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Kyle Larson No. 42 car at Chicago with Action Network logo
Jared C. Tilton | Getty Images

The Action Network: Best bets for Chicagoland

The Monster Energy NASCAR Cup Series returns to its bread-and-butter track type: The 1.5-mile oval for 400 miles at Chicagoland Speedway. Chicagoland has an 18-year-old track surface, which leads to moderately high tire wear. That means tire management and long-run speed will be extremely important.

In addition to practice, track history and 1.5-mile oval performance this year should also be factored in. This is the fifth 1.5-mile race run this year under the 2019 rules package that includes the aero ducts, so looking at the prior four races (Las Vegas, Texas, Kansas, Charlotte) will help us get an idea of which drivers have been strong at these tracks this year.

RELATED: Updated odds for Chicago

Another note about 1.5-mile tracks: The favorites usually win. It’s hard to bet long shots at the races where the prestigious teams have optimized their cars with elite drivers in them. So long-shot bets to win are infrequent. However, surprise top-three, -five, or -10 driver placements are a profitable venture under the right circumstances.

Another important note: NASCAR performed technical inspection on Sunday morning. Any car that fails inspection will have its qualifying time revoked and start from the rear of the field. Very often, the betting market will overreact to a driver moving to the rear, which could open up some value on Sunday. (UPDATE: Matt Tifft was only driver to fail inspection on Sunday.)

RELATED: Chicagoland Speedway inspection report

In the meantime, here are two drivers I like outright for Sunday’s race.

All odds as of 9 p.m. ET on Saturday.

Joey Logano +1200 to Win

The big three of Kevin Harvick, Kyle Busch and Martin Truex Jr. are appropriately priced and present little-to-no betting value. However, the driver fourth in my model — Joey Logano — is priced with the seventh-lowest odds at the Westgate.

Logano was +800 prior to track activity heading into the weekend, and I haven’t seen anything that should have dropped him to +1200. Yes, he qualified 19th, but starting position isn’t a major factor in a 400-mile race.

In fact, I’d say on-track performance has been a positive for Logano. He began final practice with a 31-lap run, which usually occurs when a driver is happy with his car. If something was significantly wrong with the handling early in practice, it’s likely Logano would have brought the car in much sooner for adjustments.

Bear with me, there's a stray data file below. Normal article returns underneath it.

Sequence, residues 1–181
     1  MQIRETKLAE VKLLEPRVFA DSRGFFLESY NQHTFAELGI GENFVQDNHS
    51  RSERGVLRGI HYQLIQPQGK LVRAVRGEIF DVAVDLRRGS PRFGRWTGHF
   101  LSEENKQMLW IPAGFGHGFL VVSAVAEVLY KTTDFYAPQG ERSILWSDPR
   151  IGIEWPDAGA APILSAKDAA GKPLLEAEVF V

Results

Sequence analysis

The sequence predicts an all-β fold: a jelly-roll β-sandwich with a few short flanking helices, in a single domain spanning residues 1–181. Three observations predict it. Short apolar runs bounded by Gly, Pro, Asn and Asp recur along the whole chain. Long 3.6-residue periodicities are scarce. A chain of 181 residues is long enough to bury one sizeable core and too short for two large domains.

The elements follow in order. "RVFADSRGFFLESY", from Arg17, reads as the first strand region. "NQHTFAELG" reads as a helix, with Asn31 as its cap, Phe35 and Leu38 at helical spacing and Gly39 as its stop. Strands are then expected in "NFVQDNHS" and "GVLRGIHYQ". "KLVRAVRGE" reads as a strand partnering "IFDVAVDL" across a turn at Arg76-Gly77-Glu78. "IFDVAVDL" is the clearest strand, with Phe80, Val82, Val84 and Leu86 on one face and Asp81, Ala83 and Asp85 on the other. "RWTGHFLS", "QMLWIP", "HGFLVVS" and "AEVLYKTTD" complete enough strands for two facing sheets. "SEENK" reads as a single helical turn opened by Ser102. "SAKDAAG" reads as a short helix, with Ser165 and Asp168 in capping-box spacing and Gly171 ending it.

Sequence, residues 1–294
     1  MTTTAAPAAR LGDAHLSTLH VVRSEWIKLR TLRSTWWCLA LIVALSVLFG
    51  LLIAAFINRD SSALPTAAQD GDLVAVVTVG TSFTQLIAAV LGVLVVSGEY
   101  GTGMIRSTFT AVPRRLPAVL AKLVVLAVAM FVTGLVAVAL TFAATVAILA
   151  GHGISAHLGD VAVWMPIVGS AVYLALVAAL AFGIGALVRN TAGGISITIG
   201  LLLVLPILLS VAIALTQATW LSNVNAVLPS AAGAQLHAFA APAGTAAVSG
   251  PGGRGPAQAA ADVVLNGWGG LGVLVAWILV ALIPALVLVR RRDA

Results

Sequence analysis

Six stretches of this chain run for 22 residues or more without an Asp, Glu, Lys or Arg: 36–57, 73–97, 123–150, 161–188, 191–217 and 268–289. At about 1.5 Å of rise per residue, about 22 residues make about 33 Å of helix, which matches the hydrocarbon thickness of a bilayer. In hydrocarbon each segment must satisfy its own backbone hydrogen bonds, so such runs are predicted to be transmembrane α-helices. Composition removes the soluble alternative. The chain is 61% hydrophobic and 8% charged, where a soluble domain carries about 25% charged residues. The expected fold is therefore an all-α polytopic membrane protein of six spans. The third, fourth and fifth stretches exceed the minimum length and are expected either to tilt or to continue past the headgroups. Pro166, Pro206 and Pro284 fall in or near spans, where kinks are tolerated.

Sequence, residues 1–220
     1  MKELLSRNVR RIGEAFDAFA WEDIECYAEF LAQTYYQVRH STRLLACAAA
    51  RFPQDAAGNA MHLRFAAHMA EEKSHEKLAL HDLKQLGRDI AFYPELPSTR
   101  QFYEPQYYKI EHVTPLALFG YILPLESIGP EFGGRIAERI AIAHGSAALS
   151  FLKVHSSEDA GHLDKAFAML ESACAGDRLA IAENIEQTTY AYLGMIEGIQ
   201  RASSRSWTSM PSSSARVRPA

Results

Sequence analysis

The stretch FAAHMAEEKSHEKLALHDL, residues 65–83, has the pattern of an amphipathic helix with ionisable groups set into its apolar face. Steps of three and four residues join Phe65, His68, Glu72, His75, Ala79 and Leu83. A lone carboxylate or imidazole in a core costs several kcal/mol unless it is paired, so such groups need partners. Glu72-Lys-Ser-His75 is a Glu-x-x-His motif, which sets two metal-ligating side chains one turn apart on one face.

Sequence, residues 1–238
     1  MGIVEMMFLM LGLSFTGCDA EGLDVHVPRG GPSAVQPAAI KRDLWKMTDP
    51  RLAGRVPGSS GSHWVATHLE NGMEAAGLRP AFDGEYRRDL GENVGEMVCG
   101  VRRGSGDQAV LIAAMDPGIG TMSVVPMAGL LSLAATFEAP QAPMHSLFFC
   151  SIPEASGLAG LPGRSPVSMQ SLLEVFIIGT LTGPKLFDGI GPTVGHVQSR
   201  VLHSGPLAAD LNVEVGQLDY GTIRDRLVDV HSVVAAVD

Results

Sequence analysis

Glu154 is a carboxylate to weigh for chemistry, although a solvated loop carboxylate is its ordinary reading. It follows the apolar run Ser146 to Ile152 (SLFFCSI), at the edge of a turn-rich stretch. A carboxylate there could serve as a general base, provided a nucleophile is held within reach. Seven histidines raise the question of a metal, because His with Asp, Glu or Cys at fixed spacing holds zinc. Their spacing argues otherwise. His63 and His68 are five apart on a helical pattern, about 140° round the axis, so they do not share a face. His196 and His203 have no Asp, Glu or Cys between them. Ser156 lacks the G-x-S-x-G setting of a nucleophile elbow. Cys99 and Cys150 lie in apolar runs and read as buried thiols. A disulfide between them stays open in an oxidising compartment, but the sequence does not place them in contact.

He then ran another long stint which resulted in the fourth-best 10-lap average among all drivers. His 15-lap time ended up seventh, so he’s right in that upper echelon of practice times, coming in less than 0.6 mph slower than Kevin Harvick’s top 15-lap speed.

Logano has already won at Las Vegas under this rules package, and picked up a second-place finish at the Series’ most recent 1.5-mile race at Charlotte. Notably, these are the two oldest track surfaces among the four 1.5-mile races with aero ducts run so far this year.

Logano wasn’t appealing at +800, but his positive final practice makes him attractive down to +1000.

Kyle Larson +350 to Finish Top 3

Larson is priced at +1400 at the DraftKings Sportsbook. Yes, he’s quite unlikely to win given the way 1.5-mile races have gone this year, but he does have top-three value for a multitude of reasons.

First, Larson dominated the race at Atlanta, which is a 1.5-mile race with the oldest surface among all 1.5-mile tracks. Yes, the rules package did not include the aero ducts at Atlanta, but with as old a surface as Atlanta has, I don’t believe aero ducts would have made much of a difference. Chicagoland has the second-oldest track surface among the remaining 1.5-mile tracks.

Larson also finished second in this race last year, losing out to Busch in one of the best finishes in recent NASCAR Cup Series history

However, the kicker is his final practice times. He steadily improved as the number of laps increased, moving from outside of the top 10, to seventh, to fifth as the number of consecutive laps run in final practice increased from five to 10 to 15. In other words, he improved relative to the field as the number of laps increased.

His dominance at Atlanta, strong track history, and solid long-run speed give me confidence in a top three finish. He’s finished top three in two of his five Chicagoland starts (40%), with two of those finishes that barely missed the top three coming in fifth and seventh place.